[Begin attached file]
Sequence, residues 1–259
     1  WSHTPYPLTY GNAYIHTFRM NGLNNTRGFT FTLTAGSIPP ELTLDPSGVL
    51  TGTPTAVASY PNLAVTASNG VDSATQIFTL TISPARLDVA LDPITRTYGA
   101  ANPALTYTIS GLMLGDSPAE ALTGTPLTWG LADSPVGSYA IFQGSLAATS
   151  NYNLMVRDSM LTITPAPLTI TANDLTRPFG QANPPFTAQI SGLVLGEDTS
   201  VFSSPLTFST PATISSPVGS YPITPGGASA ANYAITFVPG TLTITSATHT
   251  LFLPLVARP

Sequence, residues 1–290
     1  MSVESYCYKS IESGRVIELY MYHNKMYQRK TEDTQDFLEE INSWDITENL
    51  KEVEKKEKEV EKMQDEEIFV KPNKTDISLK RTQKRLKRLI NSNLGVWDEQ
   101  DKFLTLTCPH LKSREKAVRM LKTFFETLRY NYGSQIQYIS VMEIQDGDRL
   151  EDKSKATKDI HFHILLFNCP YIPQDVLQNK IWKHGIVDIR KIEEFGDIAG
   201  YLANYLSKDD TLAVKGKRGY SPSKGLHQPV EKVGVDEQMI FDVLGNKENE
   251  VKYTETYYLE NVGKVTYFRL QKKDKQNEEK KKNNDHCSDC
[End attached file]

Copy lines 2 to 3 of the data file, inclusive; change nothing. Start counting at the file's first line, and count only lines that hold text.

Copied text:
     1  WSHTPYPLTY GNAYIHTFRM NGLNNTRGFT FTLTAGSIPP ELTLDPSGVL
    51  TGTPTAVASY PNLAVTASNG VDSATQIFTL TISPARLDVA LDPITRTYGA